HTM 01-01: Management and decontamination of medical devices used in acute care

What is the health technical memorandum?

Health Technical Memorandum (HTM) 01-01 consists of a list of documents (part A-E) that provide guidance and information on the decontamination and reprocessing of reusable surgical instruments used in healthcare.

Parts A and B have been summarised and discussed in Test Labs’ previous post. In this post parts C to E will be covered, which go into detail about the cleaning and sterilisation of reusable medical devices.

HTM 01 01 Part C: Steam sterilisation

The standards and guidance on steam sterilisation are detailed in Part C, where the considerations found in part B are applied specifically to steam sterilisers. Outlined are considerations for the design and pre-purchasing, the validation and verification, as well as the operational management of steam sterilisers. This HTM only considers clinical sterilisers and is not applicable for laboratory sterilisers. Part C covers sterilisers that use high-temperature steam, whereas Part E covers other processes including low-temperature processes.  

High-temperature steam sterilant is preferred, and machines using other sterilants should be used only in cases where high temperature would cause damage to the load or not sterilise the load. Sterilisers should only be used for the load that they are designed for. The Authorising Engineer (Decontamination) (AE(D)) can provide guidance on the modification of operating cycles to suit particular loads. The ‘Particular Specification for porous load sterilizers’ attached at the end of HTM 01-01 Part C can be used to compare technical and financial data provided by the tenderer to aid the purchaser in confirming whether the steriliser is acceptable for the intended use, as well as enabling a like-for-like tender analysis to be made. Additionally, BS EN 285 (“Sterilization – Steam sterilizers – Large sterilizers”) and HTM 01-01 Part B should be referred to when preparing a procurement specification for a steriliser.  

Porous load sterilisers should conform to specifications in BS EN 285 and safety specifications in BS EN 61010-2-040 (“Safety requirements for electrical equipment for measurement, control, and laboratory use. Particular requirements for sterilizers and washer-disinfectors used to treat medical materials”). They are different to other high-temperature sterilisers by the following features: 

  • They trap both air and moisture, therefore contain a vacuum system to ensure enough air is removed from the chamber before steam is admitted. The vacuum system also helps to ensure the load is adequately dry at the end of the cycle by reducing the pressure during the drying stage of the cycle. 
  • They contain an air detector within the chamber to ensure sufficient air has been removed from the chamber before the ‘plateau period’ starts. 
  • They contain a heated jacket to prevent condensation occurring on the chamber walls and to assist drying of the load. 

Sterilisation process validation

Sterilisation processes should be validated before use, the process performance should be routinely monitored, and the sterilisation equipment should be maintained as per manufacturer’s instructions. Procedures to be completed by manufacturers to confirm acceptable performance are outlined in BS EN 285. After installation of the steriliser, Installation Qualification (IQ), Operational Qualification (OQ) and Performance Qualification (PQ) procedures are to be performed as defined in BS EN ISO 17665 (“Sterilization of health care products — Moist heat”)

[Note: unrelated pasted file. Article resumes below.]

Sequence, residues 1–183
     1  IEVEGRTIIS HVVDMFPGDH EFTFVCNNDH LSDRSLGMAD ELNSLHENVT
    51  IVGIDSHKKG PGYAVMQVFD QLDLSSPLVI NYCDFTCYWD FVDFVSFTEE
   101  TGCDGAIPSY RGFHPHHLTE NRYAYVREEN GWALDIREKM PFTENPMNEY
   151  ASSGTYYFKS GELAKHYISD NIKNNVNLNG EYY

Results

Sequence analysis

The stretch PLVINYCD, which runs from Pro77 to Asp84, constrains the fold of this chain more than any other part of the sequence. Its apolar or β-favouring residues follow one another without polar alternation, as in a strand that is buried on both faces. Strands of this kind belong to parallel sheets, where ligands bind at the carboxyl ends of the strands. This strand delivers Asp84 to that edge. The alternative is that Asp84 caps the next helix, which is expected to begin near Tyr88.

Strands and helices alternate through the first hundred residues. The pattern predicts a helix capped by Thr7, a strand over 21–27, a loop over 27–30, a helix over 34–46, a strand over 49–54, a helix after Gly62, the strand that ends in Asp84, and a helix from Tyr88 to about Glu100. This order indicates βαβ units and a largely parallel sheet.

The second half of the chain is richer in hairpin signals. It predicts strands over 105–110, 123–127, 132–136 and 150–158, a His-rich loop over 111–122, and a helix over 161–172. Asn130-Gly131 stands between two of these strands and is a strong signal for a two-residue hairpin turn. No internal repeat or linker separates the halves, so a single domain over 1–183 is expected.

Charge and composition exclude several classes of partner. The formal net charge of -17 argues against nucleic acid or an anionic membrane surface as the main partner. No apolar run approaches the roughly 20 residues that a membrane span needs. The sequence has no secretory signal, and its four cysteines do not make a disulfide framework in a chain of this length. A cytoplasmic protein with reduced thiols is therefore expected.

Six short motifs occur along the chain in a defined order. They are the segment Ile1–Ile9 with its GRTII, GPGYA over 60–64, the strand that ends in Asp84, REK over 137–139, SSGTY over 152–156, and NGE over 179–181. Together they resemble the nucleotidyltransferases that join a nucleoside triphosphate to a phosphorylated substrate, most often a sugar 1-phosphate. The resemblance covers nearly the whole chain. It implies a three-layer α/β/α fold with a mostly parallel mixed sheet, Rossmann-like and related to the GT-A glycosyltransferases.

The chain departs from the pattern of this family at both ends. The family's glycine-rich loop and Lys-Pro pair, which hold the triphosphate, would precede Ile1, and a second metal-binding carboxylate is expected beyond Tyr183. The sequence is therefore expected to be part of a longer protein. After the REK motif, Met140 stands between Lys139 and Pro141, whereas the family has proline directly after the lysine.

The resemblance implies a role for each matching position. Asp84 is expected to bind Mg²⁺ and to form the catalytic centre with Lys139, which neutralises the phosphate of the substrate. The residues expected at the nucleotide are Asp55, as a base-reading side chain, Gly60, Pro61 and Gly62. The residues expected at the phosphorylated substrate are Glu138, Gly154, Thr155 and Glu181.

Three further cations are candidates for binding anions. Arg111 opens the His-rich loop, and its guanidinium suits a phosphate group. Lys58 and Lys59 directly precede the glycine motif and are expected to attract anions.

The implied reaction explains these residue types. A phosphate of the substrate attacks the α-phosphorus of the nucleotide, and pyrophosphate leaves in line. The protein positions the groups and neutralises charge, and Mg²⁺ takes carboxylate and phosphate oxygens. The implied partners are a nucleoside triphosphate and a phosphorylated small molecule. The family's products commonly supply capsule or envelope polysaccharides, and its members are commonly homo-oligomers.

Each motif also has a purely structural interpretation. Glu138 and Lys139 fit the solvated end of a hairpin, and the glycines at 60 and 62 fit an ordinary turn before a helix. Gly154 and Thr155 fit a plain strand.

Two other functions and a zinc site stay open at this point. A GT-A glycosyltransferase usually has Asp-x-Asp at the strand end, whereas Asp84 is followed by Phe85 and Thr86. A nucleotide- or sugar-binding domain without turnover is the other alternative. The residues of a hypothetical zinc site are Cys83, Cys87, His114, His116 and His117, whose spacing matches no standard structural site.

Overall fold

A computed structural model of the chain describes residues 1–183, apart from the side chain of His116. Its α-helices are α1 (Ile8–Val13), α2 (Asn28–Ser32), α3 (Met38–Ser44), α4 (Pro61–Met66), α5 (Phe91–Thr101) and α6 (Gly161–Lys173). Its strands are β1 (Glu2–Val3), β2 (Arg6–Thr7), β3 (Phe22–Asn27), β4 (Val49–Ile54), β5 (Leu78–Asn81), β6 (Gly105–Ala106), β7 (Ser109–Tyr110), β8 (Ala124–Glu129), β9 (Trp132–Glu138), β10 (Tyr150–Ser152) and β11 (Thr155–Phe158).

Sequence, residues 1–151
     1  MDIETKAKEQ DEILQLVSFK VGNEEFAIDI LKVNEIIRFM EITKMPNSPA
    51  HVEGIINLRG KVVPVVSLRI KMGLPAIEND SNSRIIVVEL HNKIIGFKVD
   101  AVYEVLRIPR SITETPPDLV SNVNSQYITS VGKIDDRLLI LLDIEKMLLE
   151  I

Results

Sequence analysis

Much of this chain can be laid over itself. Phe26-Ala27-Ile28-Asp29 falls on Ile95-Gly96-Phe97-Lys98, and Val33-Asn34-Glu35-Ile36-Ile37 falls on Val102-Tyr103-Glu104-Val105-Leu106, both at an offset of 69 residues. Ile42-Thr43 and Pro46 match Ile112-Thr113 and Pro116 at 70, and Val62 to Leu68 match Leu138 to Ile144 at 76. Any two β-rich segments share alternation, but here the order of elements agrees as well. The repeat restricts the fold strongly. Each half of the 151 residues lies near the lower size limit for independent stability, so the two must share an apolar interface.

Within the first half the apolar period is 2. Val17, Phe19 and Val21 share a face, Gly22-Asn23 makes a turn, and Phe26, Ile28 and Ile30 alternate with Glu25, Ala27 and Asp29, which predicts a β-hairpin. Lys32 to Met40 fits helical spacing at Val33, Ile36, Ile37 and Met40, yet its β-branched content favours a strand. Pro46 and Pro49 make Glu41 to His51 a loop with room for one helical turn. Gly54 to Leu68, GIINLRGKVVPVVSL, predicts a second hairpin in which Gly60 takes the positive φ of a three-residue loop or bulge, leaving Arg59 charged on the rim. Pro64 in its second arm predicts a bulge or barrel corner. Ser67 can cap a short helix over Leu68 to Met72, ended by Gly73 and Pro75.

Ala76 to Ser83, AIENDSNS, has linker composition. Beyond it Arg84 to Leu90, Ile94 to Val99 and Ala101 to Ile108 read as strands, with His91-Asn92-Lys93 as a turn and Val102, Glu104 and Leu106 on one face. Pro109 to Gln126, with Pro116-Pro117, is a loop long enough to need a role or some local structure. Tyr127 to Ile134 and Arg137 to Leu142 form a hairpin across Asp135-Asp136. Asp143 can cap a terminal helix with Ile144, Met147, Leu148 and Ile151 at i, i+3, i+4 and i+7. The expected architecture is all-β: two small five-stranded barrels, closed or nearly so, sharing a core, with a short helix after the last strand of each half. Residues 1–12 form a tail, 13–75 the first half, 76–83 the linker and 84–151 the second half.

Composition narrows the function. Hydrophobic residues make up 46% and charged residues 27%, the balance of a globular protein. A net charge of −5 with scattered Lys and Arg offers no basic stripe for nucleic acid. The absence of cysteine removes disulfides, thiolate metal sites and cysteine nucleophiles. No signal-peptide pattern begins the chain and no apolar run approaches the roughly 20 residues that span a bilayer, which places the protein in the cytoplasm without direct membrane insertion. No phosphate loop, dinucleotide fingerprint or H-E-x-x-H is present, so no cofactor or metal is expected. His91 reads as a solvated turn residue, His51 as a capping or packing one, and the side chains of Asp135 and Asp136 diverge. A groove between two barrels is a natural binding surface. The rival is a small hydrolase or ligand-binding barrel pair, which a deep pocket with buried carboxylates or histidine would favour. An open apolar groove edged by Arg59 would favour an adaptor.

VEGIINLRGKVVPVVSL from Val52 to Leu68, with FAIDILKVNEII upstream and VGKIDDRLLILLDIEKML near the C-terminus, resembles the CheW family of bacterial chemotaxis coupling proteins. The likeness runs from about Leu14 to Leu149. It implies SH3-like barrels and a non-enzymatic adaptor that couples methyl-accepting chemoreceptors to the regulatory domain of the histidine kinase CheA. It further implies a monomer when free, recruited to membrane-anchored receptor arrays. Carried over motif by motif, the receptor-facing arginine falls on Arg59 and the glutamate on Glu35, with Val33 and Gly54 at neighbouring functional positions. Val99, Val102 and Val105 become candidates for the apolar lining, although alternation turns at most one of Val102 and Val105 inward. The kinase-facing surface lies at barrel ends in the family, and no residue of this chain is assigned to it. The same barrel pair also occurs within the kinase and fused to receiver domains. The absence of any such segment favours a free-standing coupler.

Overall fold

IQ tests involve checks on the ancillary equipment and the engineering services, as well as preliminary and functional checks on the sterilisers. In addition to these checks, BS EN 285 requires manufacturers to perform a sound power test to measure the total sound power radiated from the machine. A contractor should perform the IQ tests before OQ tests are done. PQ tests should only be done once IQ and OQ tests have been satisfactorily completed. PQ is done to obtain evidence that when the steriliser is used as per the process specification and in accordance with the pre-defined acceptance criteria, the results are consistently the same. It allows you to establish the expected performance for any given cycle and loading conditions, which can then be used as a benchmark to compare subsequent cycles against.  

Table 1 below shows the schedule for validation tests to be completed for porous load-sterilisers: 

Chemical quality of steam

The quality of steam in terms of dryness, superheat, and level of non-condensable gases is also required to be tested and examined after installation and before being handed over to the user. BS EN ISO 17665 provides the requirements for the environment in contact with a medical device and BS EN 285 provides guidance on the chemical quality of steam. HTM 01-01 Part C outlines the importance of steam quality due to concerns about harmful effects of contaminants in the steam on patients. Contaminants known to have adverse effects on patients are: 

  • metals (e.g., cadmium, lead, mercury and other heavy metals), 
  • organic compounds, primarily filming amines and other chemicals used in boiler treatment, 
  • microorganisms, 
  • pyrogens (bacterial endotoxins), 
  • particulate matter. 

Contaminants that are of concern for their damaging effects on materials of load items and the steriliser are: 

  • alkaline earth metals (e.g., calcium and magnesium), which can lead to the build-up of limescale,